Ranking top players by position: Point guards
With opening nights rapidly approaching, it’s time to rank the top players at each position going into the 2016-17 season, based on numbers, past performance and just personal preference.
Previous position rankings: Shooting guards | Small forwards | Centers | Power forwards
We’re starting with the point guards since they seem to have taken over the NBA and changed the way the game is played:
1. Stephen Curry, Golden State Warriors: OK, so your last memory may be the struggle to find any kind of form or rhythm in The Finals loss to the Cavaliers. But that had as much to do with lingering fatigue from the record-setting pace of the regular season and then the injury suffered in the first round of the playoffs against the Rockets. It’s reasonable to think that his scoring average will take a bit of hit with Kevin Durant now alongside in the starting lineup. But that doesn’t make Curry any less dangerous to take over a game as a scorer and/or passer on any given night at any given moment. A healthy Steph at 28 is just entering his prime.
2. Russell Westbrook, Oklahoma City Thunder: He’s got the flip side of the Durant coin this season, more opportunities with the ball in his hands to create and more shots. It’s his show now with the Thunder as long as he wants to stay in OKC. His 18 triple-doubles last season beat out Magic Johnson as the best in the 3-point shot era and Westbrook is a legitimate threat to make a run at Oscar Robertson’s triple-double average for the season. Physically overpowering with jaw-dropping gifts that make him worth the price of admission, even if it’s to shake your head at the times when he tries to do too much on his own.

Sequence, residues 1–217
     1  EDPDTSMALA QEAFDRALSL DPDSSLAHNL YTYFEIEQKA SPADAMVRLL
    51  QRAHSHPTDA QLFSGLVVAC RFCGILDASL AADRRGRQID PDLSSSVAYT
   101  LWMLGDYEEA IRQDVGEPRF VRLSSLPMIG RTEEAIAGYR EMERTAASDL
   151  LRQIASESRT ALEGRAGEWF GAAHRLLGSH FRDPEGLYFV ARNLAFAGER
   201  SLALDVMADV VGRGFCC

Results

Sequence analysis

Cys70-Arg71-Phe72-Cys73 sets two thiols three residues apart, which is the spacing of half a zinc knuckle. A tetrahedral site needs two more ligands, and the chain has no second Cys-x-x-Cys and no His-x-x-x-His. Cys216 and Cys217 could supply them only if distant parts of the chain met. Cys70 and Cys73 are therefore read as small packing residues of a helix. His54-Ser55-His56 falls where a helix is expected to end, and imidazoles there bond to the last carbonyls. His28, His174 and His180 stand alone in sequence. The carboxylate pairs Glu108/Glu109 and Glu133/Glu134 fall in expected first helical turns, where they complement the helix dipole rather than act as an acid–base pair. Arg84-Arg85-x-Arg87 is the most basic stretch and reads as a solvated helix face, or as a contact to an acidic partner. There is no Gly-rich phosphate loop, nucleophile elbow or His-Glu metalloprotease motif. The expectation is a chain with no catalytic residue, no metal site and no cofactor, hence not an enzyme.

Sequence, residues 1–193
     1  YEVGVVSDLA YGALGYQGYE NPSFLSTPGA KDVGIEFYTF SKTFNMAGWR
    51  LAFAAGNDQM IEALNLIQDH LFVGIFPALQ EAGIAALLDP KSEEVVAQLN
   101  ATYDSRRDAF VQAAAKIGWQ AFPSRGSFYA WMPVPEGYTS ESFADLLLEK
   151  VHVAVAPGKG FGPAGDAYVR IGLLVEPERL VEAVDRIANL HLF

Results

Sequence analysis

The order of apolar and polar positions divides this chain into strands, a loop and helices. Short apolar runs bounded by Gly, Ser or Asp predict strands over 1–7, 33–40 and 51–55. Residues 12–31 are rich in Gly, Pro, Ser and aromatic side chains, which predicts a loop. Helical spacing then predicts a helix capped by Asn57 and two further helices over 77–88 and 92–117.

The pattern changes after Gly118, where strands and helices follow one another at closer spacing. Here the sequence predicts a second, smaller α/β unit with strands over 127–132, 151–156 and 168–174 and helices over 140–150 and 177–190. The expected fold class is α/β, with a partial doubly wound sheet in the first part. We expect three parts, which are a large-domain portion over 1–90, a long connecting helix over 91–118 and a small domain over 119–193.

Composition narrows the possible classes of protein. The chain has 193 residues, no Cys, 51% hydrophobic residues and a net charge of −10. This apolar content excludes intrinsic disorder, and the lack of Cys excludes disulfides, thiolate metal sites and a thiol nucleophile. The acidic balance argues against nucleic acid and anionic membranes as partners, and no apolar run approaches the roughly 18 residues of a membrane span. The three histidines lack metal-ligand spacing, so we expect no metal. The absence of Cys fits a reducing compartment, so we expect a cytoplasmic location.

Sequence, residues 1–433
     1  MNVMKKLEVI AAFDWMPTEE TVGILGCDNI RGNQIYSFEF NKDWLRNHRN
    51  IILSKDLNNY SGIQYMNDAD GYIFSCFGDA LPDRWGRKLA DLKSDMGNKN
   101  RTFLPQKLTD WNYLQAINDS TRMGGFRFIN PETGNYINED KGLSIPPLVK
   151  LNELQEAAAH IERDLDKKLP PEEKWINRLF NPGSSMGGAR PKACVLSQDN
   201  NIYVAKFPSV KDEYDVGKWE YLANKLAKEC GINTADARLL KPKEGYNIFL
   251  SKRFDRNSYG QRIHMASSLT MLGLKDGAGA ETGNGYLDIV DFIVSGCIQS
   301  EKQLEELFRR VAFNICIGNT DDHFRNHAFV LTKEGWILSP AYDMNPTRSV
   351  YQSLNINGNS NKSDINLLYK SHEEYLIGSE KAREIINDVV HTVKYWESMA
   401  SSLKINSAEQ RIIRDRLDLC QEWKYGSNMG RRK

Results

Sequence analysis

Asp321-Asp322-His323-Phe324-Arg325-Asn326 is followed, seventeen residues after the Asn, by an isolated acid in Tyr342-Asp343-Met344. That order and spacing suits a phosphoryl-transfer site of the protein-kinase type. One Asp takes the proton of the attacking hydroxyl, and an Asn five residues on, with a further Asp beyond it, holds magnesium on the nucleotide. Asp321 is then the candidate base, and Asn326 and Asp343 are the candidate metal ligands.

3. Chris Paul, Los Angeles Clippers: The young guns keep climbing up the ladder, but he’s still the quintessential leader with all of the attributes you want in your point guard. He’s looking to set up his teammates first, but can get to the rim, hit the outside shot and do all of the other things to take over a game. A hand injury last spring was the latest setback to make you think he and the Clippers are simply snakebitten in the playoffs. At 31, he should be giving way to the next generation at the position. But his ferocious competitive streak will keep him in the upper echelon for at least a few more seasons and that means LA is in the hunt for one of the top three seeds in the West.
4. Kyrie Irving, Cleveland Cavaliers: Can a single shot change the trajectory of a player’s career? Irving was already one of the special talents before nailing the clutch clinching 3-pointer in Game 7 against the Warriors. But there were always the questions circling. He was open to criticism through the 2015-16 regular season, then went back to shining with the start of the playoffs. He reached the crescendo with the performance in The Finals, especially with his solid defense against Curry. Putting that ring on his finger on opening night could be the official validation that Irving always needed to become more than just LeBron James’ “little brother.” Could be time to really take off.